- The Washington Times - Tuesday, April 14, 2009


@Text.dropcap8:In a modest house described as free from the pretentiousness befitting a former president, legendary Cuban leader Fidel Castro entertained three members of the U.S. Congressional Black Caucus last week and demonstrated surprising vigor for a man given up for dead not long ago.

The 82-year-old Mr. Castro reportedly is suffering from an undisclosed gastrointestinal illness, which prompted him to anoint his brother, Raul, as his successor.

In the nearly three years since he stepped aside, Fidel has been rumored to have died more than a half-dozen times while remaining sequestered from the Cuban people he used to address regularly - and at great length - in public.

But Rep. Bobby L. Rush, Illinois Democrat, said the iconic Cuban leader “is doing well … sort of.”

“When he shook my hand, he held onto my arm with a firm grip,” Mr. Rush recalled, though he said Mr. Castro struggled to stand on his own.

During their lengthy meeting in Mr. Castro's house, which Mr. Rush likened to a “normal middle-class home in America,” the congressman said his host was not merely lucid, but well-informed about world events, particularly U.S. politics.

“You can't help but be impressed by how much he knows about our politics and the central issues [the United States] is facing,” said Mr. Rush.

He added that Mr. Castro “stands in the same aura and awesomeness of great leaders” he has met, including the late Martin Luther King.

The congressional visit came just days before the Obama administration's announcement Monday of an end to restrictions on Cuban Americans traveling to and sending money to relatives in Cuba.

The delegation, led by Rep. Barbara Lee, California Democrat, was lambasted in the pages of the Miami Herald for failing to meet with families of imprisoned political dissidents or with journalists critical of the Castro government.

Despite the criticism, Cuban Americans and analysts were fascinated by the descriptions of Mr. Castro, who seems to have recovered somewhat from the illness that nearly killed him three years ago.

“I can't believe that he is in firm control of his intellectual faculties,” said Francisco Hernandez, president of the Cuban American National Foundation.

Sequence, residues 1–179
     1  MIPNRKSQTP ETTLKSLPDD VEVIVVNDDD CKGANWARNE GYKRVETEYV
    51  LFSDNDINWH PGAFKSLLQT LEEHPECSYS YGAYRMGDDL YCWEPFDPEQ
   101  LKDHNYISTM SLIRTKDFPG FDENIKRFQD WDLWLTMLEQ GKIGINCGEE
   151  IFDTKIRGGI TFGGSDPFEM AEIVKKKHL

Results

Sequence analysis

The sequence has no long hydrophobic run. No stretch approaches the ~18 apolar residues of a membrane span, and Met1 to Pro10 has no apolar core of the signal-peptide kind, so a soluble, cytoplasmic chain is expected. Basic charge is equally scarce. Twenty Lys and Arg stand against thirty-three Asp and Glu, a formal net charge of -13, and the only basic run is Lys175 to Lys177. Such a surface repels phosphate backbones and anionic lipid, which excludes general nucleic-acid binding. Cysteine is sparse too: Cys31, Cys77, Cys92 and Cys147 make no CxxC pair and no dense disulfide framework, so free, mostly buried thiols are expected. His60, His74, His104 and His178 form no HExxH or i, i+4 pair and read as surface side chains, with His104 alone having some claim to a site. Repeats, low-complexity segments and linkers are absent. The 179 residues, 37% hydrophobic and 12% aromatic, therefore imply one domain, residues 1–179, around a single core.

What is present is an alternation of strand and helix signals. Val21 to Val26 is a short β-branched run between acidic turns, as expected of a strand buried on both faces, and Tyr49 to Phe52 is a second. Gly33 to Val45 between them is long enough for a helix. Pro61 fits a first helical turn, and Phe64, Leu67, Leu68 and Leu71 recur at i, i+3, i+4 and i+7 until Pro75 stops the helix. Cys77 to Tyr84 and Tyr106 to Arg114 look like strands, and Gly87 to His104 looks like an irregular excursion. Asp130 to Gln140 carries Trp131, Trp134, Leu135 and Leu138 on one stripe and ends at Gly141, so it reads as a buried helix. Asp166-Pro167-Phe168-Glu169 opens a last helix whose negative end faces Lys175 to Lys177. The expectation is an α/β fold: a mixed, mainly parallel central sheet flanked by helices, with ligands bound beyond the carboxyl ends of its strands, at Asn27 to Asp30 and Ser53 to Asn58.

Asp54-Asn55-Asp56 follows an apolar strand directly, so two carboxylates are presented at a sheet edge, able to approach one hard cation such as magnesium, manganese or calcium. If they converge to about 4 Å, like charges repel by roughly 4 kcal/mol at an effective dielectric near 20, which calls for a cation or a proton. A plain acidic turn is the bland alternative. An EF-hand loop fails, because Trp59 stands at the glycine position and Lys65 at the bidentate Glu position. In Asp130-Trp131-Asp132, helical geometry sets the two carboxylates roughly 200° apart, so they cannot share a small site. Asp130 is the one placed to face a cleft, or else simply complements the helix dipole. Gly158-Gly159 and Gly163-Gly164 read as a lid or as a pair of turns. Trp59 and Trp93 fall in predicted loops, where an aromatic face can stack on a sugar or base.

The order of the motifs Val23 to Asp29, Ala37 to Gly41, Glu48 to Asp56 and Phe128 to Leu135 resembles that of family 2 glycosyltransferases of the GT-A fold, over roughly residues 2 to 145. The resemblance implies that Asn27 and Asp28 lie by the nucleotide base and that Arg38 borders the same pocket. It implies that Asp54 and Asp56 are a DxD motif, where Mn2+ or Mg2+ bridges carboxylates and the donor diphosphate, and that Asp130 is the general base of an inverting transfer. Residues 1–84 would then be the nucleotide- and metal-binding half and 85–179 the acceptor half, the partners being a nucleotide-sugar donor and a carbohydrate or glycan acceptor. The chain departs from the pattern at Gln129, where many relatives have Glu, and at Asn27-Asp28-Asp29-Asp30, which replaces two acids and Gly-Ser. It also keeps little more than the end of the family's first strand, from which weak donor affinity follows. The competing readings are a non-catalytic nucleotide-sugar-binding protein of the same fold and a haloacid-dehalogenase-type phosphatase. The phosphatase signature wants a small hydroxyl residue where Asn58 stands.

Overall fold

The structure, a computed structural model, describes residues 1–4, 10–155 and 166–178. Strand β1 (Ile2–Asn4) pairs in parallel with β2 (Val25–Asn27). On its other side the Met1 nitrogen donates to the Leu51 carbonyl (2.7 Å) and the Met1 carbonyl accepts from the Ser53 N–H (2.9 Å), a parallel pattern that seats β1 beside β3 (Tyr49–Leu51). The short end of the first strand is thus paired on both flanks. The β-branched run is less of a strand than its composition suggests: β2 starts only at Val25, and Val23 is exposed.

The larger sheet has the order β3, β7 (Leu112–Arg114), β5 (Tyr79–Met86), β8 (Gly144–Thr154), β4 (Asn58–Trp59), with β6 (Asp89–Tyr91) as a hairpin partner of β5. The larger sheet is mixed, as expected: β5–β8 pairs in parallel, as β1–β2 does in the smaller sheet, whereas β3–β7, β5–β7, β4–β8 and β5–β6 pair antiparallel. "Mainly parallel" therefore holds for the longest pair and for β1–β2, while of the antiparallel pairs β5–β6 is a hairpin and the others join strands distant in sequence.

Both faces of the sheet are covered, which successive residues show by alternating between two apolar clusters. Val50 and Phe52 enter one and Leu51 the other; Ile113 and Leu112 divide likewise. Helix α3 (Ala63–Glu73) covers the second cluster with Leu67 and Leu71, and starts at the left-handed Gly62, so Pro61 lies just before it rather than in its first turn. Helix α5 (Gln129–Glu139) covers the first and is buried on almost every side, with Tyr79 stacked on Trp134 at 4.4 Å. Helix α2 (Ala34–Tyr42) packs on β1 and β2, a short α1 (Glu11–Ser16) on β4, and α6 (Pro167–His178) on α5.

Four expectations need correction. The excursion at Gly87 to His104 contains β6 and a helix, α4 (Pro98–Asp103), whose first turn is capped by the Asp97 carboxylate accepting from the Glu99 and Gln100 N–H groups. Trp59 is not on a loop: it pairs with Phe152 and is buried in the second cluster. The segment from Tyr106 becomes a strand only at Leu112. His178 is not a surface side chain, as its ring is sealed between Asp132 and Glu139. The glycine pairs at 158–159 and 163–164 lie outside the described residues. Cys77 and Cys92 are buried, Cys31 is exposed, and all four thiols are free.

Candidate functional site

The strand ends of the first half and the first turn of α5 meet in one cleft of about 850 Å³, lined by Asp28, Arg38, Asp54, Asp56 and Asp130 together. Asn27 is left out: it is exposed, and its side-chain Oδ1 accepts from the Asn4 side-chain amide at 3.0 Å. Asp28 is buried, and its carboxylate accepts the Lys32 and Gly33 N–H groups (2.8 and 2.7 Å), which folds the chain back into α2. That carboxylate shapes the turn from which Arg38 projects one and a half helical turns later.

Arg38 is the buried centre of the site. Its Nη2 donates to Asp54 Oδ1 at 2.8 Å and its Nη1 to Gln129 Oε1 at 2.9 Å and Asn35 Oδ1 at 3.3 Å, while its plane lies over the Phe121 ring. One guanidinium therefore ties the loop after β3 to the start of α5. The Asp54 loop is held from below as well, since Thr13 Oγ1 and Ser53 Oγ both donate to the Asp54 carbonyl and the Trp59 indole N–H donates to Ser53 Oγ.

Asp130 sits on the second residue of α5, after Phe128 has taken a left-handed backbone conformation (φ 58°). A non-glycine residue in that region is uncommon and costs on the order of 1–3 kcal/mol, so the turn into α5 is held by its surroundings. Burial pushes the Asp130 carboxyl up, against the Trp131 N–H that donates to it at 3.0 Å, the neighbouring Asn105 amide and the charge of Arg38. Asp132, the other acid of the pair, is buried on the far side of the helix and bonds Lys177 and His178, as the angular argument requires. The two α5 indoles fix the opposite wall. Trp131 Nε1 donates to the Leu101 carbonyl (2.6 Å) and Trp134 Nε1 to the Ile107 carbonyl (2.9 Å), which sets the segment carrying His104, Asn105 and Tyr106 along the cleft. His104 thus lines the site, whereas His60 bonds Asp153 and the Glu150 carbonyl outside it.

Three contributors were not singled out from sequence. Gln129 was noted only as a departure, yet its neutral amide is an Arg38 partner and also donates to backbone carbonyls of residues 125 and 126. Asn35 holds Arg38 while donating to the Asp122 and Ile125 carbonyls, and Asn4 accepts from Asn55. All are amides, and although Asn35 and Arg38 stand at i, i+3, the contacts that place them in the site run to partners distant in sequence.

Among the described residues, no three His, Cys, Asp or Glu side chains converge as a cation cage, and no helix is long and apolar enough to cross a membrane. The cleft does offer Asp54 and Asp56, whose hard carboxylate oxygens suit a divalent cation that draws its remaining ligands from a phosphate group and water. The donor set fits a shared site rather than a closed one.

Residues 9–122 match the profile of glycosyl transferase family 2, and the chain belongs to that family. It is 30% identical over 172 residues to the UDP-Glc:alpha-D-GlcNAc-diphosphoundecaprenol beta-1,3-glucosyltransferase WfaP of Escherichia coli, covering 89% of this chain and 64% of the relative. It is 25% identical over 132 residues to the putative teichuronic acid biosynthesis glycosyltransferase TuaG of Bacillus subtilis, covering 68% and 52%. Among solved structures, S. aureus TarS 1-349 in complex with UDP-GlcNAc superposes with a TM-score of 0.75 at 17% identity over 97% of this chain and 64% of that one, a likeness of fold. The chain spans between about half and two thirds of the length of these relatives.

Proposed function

The Cuban's health and well-being have been the subject of much speculation, particularly as to whether he remains a player in Cuban politics and policymaking.

These days, reports about Mr. Castro's health come via the occasional report from visiting leaders such as Venezuelan President Hugo Chavez, who regularly refers to the former Cuban leader as his “father.”

For a while, the former Cuban president had discontinued his daily written commentary about Cuba and world politics in the pages of the state-run Cuban news media.

But in recent months, his editorials have returned, though not every day.

“He admitted to me he can't work like he used to,” Mr. Rush said.

His health limitations aside, Fidel Castro remains a major player in Cuban affairs, according to younger brother and now president, Raul Castro.

Mr. Rush said Raul Castro told the visiting U.S. lawmakers that while he is the president, “Fidel is the chief.”

Just how their relationship translates into Cuban governance remains a mystery.

The U.S. delegation said the Castro brothers want to have talks with the United States, though the subject of possible concessions by the Cuban government - such as free elections and the release of political prisoners - was not discussed.

Mr. Rush said that he and other lawmakers “didn't want to press” the elder Mr. Castro on Cuba's human rights record and the issue of imprisoned dissidents.

Cuba specialists such as Brian Latell, a former national intelligence officer for Latin America and author of a Raul Castro biography, said it is “impossible to know the reality of the situation” though Fidel “does appear stronger.”

“I think the relationship [between Fidel and Raul] has always been a partnership,” said Mr. Latell.

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